The Poetry and Poetics Colloquium, the Kaplan Institute for the Humanities, The Spanish and Portuguese Department, the Comparative Literary Studies Program, and the Center for the Writing Arts are thrilled to invite you on November 19th at 12pm to:
“Words in Transit: A Colloquium on Translation in Debate”
with Brazilian poet, songwriter, and translator Rodrigo Garcia Lopes.This event is free and open to the public. A light lunch will be served.
In conjunction with the Colloquium “Words in Transit,” Brazilian artist Rodrigo Garcia Lopes will be part of a round table on translation on November 19th, 12-2pm, at Hagstrum Room (University Hall, 201). Northwestern Professors Reginald Gibbons, Clare Cavanagh, and Andrew Leong will be his respondents and the facilitators of the debate.
Rodrigo Garcia Lopes is a poet, translator, and composer from Brazil. He has an M.A. from ASU (USA) and a Ph.D. in English from UFSC (Brazil). He has published six collections of poetry, translations of Whitman, Rimbaud, Plath, and Riding. Last year he released the historical detective novel The Troubadour. His poems have been widely published and anthologized, including in The Best 100 Brazilian Poems of the Twentieth Century. As a composer, he recently released the CD Songs from Reality Studio. Site: http://www.rgarcialopes.wix.com/site
Reginald Gibbons—Frances Hooper Chair in the Arts and Humanities; Professor of English, Classics, Spanish & Portuguese; Director, Center for the Writing Arts; Director, MA/MFA in Creative Writing—is a poet, fiction writer, translator, literary critic, and an artist. He has published works in poetry and fiction. He has substantially contributed to the field of translation, not only of classical Greek works with Oxford University Press and Princeton University Press, but also relevant Latin American and Spanish writers, such as his edited volume New Writing from Mexico, in which he translated almost all the poetry, and his translations of Selected Poems of Luis Cernuda and [Jorge] Guillén on Guillén: The Poetry and the Poet (with A.L. Geist). His forthcoming critical book, How Poems Think (Univ. of Chicago Press, 2015), includes several of his own translations and many comments on it. He was the editor of TriQuarterly magazine (1981-1997), where he published many translations of contemporary writing. His honors include fellowships from the Guggenheim Foundation and the Center for Hellenic Studies.
Clare Cavanagh is the author of Lyric Poetry and Modern Politics: Russia, Poland, and the West (2010), winner of the National Book Critics Circle Award in Criticism. Cavanagh is one of the preeminent translators of contemporary Polish poetry, and has translated numerous collections from poets including Milosz, Wislawa Szymborska, and Adam Zagajewski. Cavanagh’s many awards for translation include the John Frederick Nims Memorial Prize in Translation and the PEN/Book‐of‐the‐Month Club Prize for Outstanding Literary Translation. Her translation of Wislawa Szymborska’s latest volume, Here (2010), won the Found in Translation Award. Cavanagh’s many honors include fellowships from the Guggenheim Foundation, the National Endowment for the Humanities, the Social Science Research Council, and the American Council of Learned Societies. Her criticism and reviews have been widely published in the Times Literary Supplement, The New Yorker, Poetry, and the New York Review of Books, among others. Other works of scholarship include Osip Mandelstam and the Modernist Creation of Tradition (1995), which received the AATSEEL Prize for Outstanding Scholarly Book in Slavic Literature.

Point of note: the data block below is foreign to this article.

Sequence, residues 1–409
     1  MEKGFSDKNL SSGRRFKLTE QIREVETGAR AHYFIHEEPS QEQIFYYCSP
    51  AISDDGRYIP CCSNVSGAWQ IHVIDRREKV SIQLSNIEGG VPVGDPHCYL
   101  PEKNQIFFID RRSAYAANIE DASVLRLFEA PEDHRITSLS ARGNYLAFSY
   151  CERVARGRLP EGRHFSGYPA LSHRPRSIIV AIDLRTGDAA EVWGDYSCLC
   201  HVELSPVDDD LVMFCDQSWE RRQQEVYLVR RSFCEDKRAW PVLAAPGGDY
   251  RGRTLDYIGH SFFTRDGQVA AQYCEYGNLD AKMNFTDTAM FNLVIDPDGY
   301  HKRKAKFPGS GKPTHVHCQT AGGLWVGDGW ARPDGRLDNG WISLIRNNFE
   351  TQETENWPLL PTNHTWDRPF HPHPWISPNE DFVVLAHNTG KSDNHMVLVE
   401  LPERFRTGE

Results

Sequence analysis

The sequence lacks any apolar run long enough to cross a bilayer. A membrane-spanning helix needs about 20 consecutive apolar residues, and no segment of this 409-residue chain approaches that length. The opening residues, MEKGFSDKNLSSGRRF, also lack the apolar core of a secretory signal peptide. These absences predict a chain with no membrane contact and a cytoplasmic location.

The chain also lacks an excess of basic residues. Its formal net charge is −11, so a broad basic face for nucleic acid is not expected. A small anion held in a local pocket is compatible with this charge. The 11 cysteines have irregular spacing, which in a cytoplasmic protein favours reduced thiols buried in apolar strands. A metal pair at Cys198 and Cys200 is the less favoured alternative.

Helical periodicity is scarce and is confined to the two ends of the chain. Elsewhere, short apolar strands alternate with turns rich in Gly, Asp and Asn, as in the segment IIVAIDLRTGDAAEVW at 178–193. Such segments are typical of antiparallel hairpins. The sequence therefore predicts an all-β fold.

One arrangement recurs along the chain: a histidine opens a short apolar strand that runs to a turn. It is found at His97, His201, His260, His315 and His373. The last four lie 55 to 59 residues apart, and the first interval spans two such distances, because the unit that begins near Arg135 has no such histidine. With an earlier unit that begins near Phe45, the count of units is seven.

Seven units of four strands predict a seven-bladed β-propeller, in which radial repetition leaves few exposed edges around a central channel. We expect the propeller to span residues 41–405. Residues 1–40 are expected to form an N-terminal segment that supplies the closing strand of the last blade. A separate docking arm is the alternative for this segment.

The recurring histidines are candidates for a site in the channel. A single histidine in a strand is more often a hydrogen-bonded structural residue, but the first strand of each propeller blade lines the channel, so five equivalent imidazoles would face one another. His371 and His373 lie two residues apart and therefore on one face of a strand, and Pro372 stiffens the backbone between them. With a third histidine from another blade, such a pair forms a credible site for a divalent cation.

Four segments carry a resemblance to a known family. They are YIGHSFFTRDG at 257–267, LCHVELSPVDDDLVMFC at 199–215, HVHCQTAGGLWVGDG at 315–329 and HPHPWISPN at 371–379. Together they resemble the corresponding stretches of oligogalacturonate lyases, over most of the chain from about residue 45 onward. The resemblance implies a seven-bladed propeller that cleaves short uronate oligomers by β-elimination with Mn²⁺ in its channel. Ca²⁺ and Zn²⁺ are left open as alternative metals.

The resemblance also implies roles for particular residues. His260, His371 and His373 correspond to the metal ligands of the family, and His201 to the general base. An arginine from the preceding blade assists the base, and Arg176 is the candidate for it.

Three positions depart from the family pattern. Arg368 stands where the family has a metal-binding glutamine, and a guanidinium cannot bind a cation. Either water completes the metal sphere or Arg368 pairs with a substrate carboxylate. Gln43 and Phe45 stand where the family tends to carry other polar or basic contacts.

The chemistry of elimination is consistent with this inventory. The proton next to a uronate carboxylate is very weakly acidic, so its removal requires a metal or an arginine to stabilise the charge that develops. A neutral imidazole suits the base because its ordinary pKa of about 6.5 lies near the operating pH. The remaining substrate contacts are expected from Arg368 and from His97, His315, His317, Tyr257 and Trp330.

Andrew Leong is a comparativist who works primarily in English and Japanese, with additional interests in Spanish and Portuguese. Leong has taught courses spanning a range of textual and visual media—from nineteenth and twentieth-century Japanese and American literature; to comics and manga; to Westerns, film noir, and Japanese period drama. He is also a translator of Japanese vernacular literature written and published in the Americas. His translations of two novels by Nagahara Shoson have been collected in a single volume: Lament in the Night (Kaya, 2012). Leong’s current translation projects include a three-act play by Nagahara entitled The Ones Who Leave (去り行く者, 1928), as well as a collection of three novellas by Tamura Shogyo entitled Flowers of North America (北米の花, 1909). Leong is currently working on a book, The City of the Migrant, which recovers the writings of Japanese immigrants and sojourners who lived and worked in the United States during the late nineteenth and early twentieth centuries.